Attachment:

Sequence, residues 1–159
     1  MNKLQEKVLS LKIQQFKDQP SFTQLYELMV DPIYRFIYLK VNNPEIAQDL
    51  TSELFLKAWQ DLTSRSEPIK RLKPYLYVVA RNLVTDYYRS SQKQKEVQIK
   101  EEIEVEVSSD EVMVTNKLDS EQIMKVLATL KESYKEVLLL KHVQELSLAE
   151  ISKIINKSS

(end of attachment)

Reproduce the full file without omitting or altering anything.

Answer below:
Sequence, residues 1–159
     1  MNKLQEKVLS LKIQQFKDQP SFTQLYELMV DPIYRFIYLK VNNPEIAQDL
    51  TSELFLKAWQ DLTSRSEPIK RLKPYLYVVA RNLVTDYYRS SQKQKEVQIK
   101  EEIEVEVSSD EVMVTNKLDS EQIMKVLATL KESYKEVLLL KHVQELSLAE
   151  ISKIINKSS